1. Reforming the education systemThe current education system, clearly does not cater to learners. We all know that and that needs to be changed. People who choose to question the current schooling systems, are taking on this system. Their goal is to provide a better learning experience to their children, compared to the current system. They want their children to ultimately integrate in the mainstream and become good citizens.
2. Reforming societyThe second rebellion is a much more serious one. A society where a failed education system is allowed to not only exist, but also thrive, itself needs to be questioned. There is a lot more rotten about society than just education and we need to raise our children to question everything that is rotten about society, and they can only do that when they are supremely in connect with their inner selves. This is going to back to Hobbes’ State of Nature, and starting over from first principles. Allowing children to be at their own will and follow their desires also felt like an Epicurean way of living.
While we salute those communities that are willing to question every way of life, and they play a very important role in society, our own inclination was more towards reforming the education system and not the whole society.
After doing all the research and visiting the schools, all of us met to discuss what we want of our new school to look like. Here is the gist of what we believe is going to be the vision of our new school.
1. Goals: We want our children to grow up as confident individuals, without fear. We want them to be liberal and secular in their outlook, and free of as many prejudices as possible. We want them to be driven toward excellence and rigor and be able to compete with the best in the world. We want them to be good citizens, participating in society and doing their public duty. We also want to include children from all sections of the society as long as the parents agree to the overall philosophy.
2. Systems: We want our schools to be learner centric. We want our space to be a happy and stimulating environment. We want to bring in experts from various fields to talk to our students and inspire them. We want our children to pick what they want to learn, when they want to learn, how they want to learn. We want the learning to take place by debates and discussions, and not instruction. We want them to learn certain baseline skills that they need to navigate the real world. We want our children, when they are of the appropriate age, to be equipped with netbooks so that they can explore online resources like KhanAcademy and other and take control of their learning. This means that children will not be grouped by age. Every child will map her own journey at her own pace. Children will be grouped based on the activity and the level of competence. Children will also be left to do their own thing if they wish.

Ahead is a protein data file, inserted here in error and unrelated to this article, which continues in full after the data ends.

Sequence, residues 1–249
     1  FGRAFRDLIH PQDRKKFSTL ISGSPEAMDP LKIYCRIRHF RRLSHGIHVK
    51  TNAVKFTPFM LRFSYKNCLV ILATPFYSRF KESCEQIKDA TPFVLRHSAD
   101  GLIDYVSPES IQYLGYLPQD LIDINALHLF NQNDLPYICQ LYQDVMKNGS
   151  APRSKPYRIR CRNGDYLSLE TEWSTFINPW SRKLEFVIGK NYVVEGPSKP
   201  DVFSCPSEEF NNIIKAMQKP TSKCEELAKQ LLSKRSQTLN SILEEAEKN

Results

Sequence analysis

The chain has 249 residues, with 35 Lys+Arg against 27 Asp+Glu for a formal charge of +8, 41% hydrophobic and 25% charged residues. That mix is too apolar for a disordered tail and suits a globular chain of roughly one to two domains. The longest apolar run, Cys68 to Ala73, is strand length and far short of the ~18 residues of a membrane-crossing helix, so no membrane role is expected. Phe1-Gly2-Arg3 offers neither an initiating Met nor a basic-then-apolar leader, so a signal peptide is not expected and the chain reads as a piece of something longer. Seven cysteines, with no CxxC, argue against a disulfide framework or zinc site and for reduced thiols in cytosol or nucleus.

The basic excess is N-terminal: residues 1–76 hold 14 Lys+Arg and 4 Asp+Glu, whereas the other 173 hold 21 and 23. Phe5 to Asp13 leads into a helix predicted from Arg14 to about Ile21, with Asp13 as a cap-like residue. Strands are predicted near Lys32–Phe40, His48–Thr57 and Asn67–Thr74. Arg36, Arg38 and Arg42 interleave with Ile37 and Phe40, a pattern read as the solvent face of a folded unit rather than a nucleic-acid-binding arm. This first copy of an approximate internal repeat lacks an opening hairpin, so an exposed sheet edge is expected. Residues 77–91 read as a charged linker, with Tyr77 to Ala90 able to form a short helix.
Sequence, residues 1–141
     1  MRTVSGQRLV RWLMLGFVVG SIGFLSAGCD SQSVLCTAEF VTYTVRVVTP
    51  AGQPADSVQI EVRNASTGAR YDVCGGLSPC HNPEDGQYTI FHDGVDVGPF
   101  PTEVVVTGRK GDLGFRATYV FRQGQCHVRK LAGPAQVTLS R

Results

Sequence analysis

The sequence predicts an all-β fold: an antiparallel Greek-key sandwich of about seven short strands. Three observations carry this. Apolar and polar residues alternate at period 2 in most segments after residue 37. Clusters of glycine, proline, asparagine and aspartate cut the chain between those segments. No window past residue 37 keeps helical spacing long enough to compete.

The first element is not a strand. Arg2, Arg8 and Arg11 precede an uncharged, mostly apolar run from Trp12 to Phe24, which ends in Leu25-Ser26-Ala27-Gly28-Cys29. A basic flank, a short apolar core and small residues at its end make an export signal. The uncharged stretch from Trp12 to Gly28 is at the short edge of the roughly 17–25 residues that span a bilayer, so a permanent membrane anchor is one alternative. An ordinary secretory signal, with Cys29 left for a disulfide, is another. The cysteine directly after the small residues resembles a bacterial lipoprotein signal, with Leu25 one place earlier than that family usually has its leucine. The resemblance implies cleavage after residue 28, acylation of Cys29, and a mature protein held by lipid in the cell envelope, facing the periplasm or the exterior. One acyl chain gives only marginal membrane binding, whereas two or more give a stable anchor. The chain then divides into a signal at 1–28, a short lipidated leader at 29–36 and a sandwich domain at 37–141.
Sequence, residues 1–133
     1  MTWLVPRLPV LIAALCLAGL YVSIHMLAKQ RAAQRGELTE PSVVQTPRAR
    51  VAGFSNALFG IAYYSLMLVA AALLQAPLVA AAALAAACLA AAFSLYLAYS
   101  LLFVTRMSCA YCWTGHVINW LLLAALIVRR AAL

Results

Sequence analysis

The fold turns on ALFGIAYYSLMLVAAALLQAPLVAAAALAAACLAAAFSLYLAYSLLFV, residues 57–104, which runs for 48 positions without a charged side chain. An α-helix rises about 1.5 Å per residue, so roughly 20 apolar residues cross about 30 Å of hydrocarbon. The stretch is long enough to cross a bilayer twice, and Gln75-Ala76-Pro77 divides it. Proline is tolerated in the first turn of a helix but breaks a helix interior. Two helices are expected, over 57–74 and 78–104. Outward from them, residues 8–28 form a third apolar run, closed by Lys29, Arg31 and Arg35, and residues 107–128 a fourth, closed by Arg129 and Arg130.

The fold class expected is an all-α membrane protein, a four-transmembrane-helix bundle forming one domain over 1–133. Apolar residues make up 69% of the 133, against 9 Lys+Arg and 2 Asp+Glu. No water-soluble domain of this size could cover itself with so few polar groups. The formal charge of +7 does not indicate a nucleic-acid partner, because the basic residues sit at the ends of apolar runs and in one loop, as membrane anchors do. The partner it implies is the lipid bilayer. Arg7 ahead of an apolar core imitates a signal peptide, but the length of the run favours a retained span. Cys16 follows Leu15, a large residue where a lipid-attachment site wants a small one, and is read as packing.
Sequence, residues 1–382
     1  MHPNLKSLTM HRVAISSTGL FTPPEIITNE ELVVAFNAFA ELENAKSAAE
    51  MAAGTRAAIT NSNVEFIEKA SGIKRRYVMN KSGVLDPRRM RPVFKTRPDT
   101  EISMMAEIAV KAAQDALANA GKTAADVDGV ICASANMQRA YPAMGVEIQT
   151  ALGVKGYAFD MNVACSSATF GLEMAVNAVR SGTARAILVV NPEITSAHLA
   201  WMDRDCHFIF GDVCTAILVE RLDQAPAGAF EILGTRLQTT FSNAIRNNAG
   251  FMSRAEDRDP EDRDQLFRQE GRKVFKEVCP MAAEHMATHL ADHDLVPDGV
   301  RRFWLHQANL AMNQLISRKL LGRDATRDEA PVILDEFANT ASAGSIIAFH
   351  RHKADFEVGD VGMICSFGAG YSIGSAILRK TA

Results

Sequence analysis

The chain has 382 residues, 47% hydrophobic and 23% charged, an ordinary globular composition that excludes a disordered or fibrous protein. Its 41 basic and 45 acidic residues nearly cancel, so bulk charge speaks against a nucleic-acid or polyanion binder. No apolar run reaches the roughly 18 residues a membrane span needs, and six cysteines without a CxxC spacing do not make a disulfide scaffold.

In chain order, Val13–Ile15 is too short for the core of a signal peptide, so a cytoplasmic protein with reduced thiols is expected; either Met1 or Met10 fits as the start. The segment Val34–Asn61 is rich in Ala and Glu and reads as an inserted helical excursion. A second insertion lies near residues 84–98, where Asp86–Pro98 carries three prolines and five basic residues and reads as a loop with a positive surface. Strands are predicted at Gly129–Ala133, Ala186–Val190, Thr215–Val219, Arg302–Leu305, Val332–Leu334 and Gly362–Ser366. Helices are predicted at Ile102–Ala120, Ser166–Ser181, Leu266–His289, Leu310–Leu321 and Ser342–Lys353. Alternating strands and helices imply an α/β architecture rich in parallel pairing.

3. Certification: We want the children to be able to select their own matriculate certificate (NIOS, IGCSE or any other) and choose their own path and time in appearing for these exams.
4. Governance: We want the school to be governed as a not-for-profit. We want the above principles, to be non-negotiable even as we grow as a school. We want parents to be able to participate in as many ways as they can within the framework of our principles. We want to have faculty that believes in this learner centric vision and want to be learners themselves. We want to be able to welcome faculty on short and mid-term duration and spend time in the school.
The school will also be run as a democratic school, within the framework above. Children will take part in taking decisions about rules of the school and have a say in decisions and resolving disputes.
At this time, we have just gotten started! We don’t yet have a name, place or a legal entity for our selves. All we know is that we want this school to be located in central Mumbai (i.e. Central Line).
We don’t know whether we will be successful or not. We have aspirations of not only creating a learning environment for the children who come to this space but also to create a model for reforming education overall.
It is an exciting journey and we are looking for like-minded partners. If you like to be part, please email us at firstname.lastname@example.org
Rushabh is a co-founder and director of the Learner's Collective Foundation